Tuesday, February 23, 2016
I’m in a bitchy mood today, so I’m going to spread the darkness around by wrecking the endings of popular (and not so popular) movies I’ve seen. This is your warning. If you don’t want a movie you haven’t seen yet ruined, go click on a different blog NOW.
For the rest of you, it won’t be as bad as you think. I’ll be sticking to the classics, and movies that have been around long enough you’ve probably seen them already. The reason for that is I don’t go to many flicks in the theater any more. Last year I only saw the three biggies (Jurassic World, Avengers: Age of Ultron, and Star Wars: The Force Awakens) and overall I was disappointed. Not that the movies were bad—they weren’t—they just didn’t knock me out of my seat the way all the advertising promised. Here are the spoilers for those: the main characters survive and escape the dinos; the Avengers beat Ultron; and popular opinion says Ren is Luke’s daughter, but nothing’s been proven yet. Basically, it’s a high-energy, high-tech retelling of the original movie. I won’t tell you who gets killed. By now, since everyone in the world has seen it, you probably already know.
All rightie, then, let’s get to it. HERE COME THE SPOILERS. IF YOU DON’T WANT YOUR MOVIE-VIEWING ENJOYMENT RUINED, BAIL NOW. You have been warned.
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The Sixth Sense—Bruce Willis is a ghost. He is dead people. To give the movie credit, it plays fair all the way through. The clues are there, but you have to know what you’re looking at. Here’s an additional spoiler: M. Night Shamalamadingdong’s subsequent movies never matched the impact of that first one. I didn’t see The Last Airbender, but I’ve heard enough to recommend you skip it and binge watch the original cartoon version instead. That show is awesome.
In a similar movie, The Others with Nicole Kidman, all the characters are ghosts. The only living people in the film don’t appear until the last fifteen minutes. Again, sufficient clues are provided throughout so the surprise doesn’t come out of nowhere. For those who were wondering, yes, the actor who plays Kidman’s husband was also Doctor Who, but only briefly, right before David Tennant took over, which is probably why nobody remembers him.
The Usual Suspects—Kevin Spacey’s Verbal Kint is really Keyser Soze. You have to look harder to spot the clues because Verbal’s the one telling the story. Everything we see on screen is the dramatization of a lie. For any writers reading this, The Usual Suspects is probably one of the best examples of the use of unreliable narrator you’re liable to see on film.
That reminds me, Agatha Christie wrote a mystery in which the narrator turned out to be the killer. I’d give you the title, but I forgot it, and I don’t feel like looking it up. I was never a Christie fan. I will spoil Christie’s Murder on the Orient Express for you, because they made that into a movie back in the ‘80s. The whole cast of characters did it. The victim was a killer himself. The twelve suspects were connected in some way to the killer’s victim, so they acted as a jury and dispensed their own justice. Due to the circumstances, Hercule Poirot lets them get away with it.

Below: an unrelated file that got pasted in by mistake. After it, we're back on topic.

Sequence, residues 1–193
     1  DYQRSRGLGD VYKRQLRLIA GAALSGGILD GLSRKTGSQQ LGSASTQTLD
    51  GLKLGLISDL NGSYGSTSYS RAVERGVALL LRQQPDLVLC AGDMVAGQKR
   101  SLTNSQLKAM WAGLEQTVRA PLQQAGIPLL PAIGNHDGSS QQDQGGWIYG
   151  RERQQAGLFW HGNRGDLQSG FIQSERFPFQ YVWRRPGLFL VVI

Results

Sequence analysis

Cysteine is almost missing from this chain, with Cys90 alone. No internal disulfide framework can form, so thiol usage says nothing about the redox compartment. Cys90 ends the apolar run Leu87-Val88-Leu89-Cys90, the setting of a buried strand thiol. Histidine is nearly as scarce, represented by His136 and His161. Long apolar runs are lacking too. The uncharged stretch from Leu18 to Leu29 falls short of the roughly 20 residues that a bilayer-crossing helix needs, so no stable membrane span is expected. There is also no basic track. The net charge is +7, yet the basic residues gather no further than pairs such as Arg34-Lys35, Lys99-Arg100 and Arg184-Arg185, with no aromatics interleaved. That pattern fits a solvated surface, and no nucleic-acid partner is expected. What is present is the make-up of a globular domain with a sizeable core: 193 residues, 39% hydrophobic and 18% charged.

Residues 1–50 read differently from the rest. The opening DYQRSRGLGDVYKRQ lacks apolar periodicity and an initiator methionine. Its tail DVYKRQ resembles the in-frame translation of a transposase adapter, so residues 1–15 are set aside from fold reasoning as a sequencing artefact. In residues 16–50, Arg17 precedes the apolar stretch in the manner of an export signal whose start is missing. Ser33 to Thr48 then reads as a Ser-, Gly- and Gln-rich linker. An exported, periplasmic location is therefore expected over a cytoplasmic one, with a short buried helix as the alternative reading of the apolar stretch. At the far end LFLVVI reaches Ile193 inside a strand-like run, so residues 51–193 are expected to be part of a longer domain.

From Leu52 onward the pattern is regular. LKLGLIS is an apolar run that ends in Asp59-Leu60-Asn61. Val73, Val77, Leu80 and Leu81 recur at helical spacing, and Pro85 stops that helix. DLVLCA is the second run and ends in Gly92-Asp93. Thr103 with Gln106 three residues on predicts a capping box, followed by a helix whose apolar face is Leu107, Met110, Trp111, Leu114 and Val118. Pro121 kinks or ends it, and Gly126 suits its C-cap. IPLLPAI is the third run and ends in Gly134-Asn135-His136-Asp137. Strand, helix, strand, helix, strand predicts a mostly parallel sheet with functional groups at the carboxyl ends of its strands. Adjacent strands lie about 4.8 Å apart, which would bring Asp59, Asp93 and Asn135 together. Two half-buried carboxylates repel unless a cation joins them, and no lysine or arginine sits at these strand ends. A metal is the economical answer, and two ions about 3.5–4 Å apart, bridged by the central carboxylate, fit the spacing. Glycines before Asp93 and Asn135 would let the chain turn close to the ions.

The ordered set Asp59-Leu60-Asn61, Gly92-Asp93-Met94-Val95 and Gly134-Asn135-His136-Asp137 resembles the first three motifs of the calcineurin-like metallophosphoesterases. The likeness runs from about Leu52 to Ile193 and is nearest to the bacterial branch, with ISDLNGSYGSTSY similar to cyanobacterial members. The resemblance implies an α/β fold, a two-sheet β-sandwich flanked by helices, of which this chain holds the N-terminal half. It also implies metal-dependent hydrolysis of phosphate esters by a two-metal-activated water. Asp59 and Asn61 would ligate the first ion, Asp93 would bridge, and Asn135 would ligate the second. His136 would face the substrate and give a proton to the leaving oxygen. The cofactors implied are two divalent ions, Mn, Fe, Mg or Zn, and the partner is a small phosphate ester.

I’m relating this story because at the time I worked at a second-run movie theater (remember those?) and saw it for free. One Saturday the crowd was waiting in the lobby for the 9:00 show when a kid came out from the 7:00 show and announced, “They all did it.” If looks could kill … Hope that kid never took a train ride.
Animal Farm—the livestock revolts and drives off Old MacDonald, only to discover at the end it’s still the same slop, different pigs. That’s how the book ends. Hollywood spoiled it by tacking on a happy ending in which the animals take back control of the farm. Every adaptation I’ve ever seen has this upbeat ending. Clearly nobody learned from history, or from high school Lit Class. Animal Farm is an allegory, a retelling of Russian history following the expulsion of the Tsar. It was written after Stalin came to power. On the other hand, now that the Soviet Union’s disbanded, maybe the Hollywood version fits. Let’s prank-call Putin and see what he thinks.
Gone with the Wind—Scarlett finally realizes Ashley never loved her, but hubby Rhett leaves her anyway. She vows to get him back. I think she does in the sequel, which I neither read nor saw. When I heard the Mitchell estate was looking for a writer to continue the story, I was hoping Stephen King would get the job. I envisioned a tale of Scarlett turning to dark magic to recapture Rhett, evil forces swirling around Tara and the ex-slave girl who saves the day. In a movie version there would be zombies and loads of CGI, and Scarlett would either melt or explode. Somebody write that, please.
Wasn’t there a parody book written from the servants’ point of view? The Wind Done Gone? I’ll bet you can get that on Amazon. I’ll have to check that out.
The Harry Potter series—Harry defeats Voldemort. It takes him seven books and eight movies. The real spoiler is the actor who plays Neville, who grew up from a pudgy kid into a hunk. Oh yeah, and Snape was a good guy all along. I miss Alan Rickman already.
Despicable Me—Gru adopts three little girls and becomes a good guy. Because this is a kid’s movie, that’s not even a spoiler. I’m only including it because I love this flick. Go watch that one, but be prepared to sit through it several times if you have kids.
I’m still deciding if I want to go see Deadpool. Now that it's made a ton of money, will Marvel’s superhero flicks start aiming for the R? That would spoil it for a lot of kids, even though Wolverine could really, and literally, cut loose with an R rating. Happy viewing!